Besides simply replacing what’s old and boring with what’s new and exciting, there are other aspects to growing newly discovered or newly introduced plant selections. In the words of Thomas Jefferson, “But though an old man, I am but a young gardener.”
Jefferson spent a lifetime introducing new plants, corresponding with gardeners in Europe to procure seeds of improved varieties for his 6-acre garden at Monticello. Not only was Jefferson continually inspired by the prospect of trying new plant varieties, but he was ritualistic in planting seeds, as if their constant germination was essential to his own emotional well-being and renewal.
He advised planting a thimbleful of lettuce seeds every Monday morning from March 1 through Sept. 1. Yes, he would have fresh lettuce every day by adhering to this regimen, but I cannot help thinking that the constant germination of seeds provided other, if intangible, benefits.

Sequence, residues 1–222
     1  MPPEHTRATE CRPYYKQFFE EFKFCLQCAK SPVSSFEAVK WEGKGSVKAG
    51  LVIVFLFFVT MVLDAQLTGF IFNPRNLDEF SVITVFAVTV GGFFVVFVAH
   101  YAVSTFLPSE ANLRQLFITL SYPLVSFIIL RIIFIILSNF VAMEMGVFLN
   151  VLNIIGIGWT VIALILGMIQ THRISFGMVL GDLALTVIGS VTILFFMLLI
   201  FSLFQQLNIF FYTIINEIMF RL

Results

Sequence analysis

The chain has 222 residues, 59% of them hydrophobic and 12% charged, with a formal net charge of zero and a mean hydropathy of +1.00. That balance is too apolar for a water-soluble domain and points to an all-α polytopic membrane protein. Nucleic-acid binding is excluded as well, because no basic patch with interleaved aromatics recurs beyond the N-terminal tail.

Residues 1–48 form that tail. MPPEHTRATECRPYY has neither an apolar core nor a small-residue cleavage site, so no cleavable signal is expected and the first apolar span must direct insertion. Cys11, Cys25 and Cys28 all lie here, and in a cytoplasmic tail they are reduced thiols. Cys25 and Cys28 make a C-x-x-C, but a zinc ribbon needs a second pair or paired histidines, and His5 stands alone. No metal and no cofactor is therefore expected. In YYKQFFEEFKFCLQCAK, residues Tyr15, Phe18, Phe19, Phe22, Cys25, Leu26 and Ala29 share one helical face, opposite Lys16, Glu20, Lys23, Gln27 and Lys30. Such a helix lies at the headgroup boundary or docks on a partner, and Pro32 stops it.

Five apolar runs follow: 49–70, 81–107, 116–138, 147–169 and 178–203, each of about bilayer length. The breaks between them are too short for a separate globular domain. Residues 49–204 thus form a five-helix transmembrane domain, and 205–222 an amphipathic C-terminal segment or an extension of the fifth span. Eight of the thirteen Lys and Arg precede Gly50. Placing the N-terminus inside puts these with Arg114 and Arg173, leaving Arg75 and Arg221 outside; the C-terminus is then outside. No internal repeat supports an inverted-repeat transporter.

Anyone who has ever planted seeds and followed the progress of the seedlings that emerged from them will testify to the unadulterated joy that comes with being a partner in creation. Each day, all worries are put aside during those moments when you observe and attend to your young horticultural progeny. It has been said that planting a few seeds every few days and following their progress can help to overcome stress, anxiety and even depression.
Speaking of new plants, or cultivars that are at least new for me, I have seen a number of them lately, several of which are miniature forms of familiar plants, that I would like to share with you.
In gardening, no less than in technology, car travel and many other aspects of life, the trend toward miniaturization is unlikely to end anytime soon.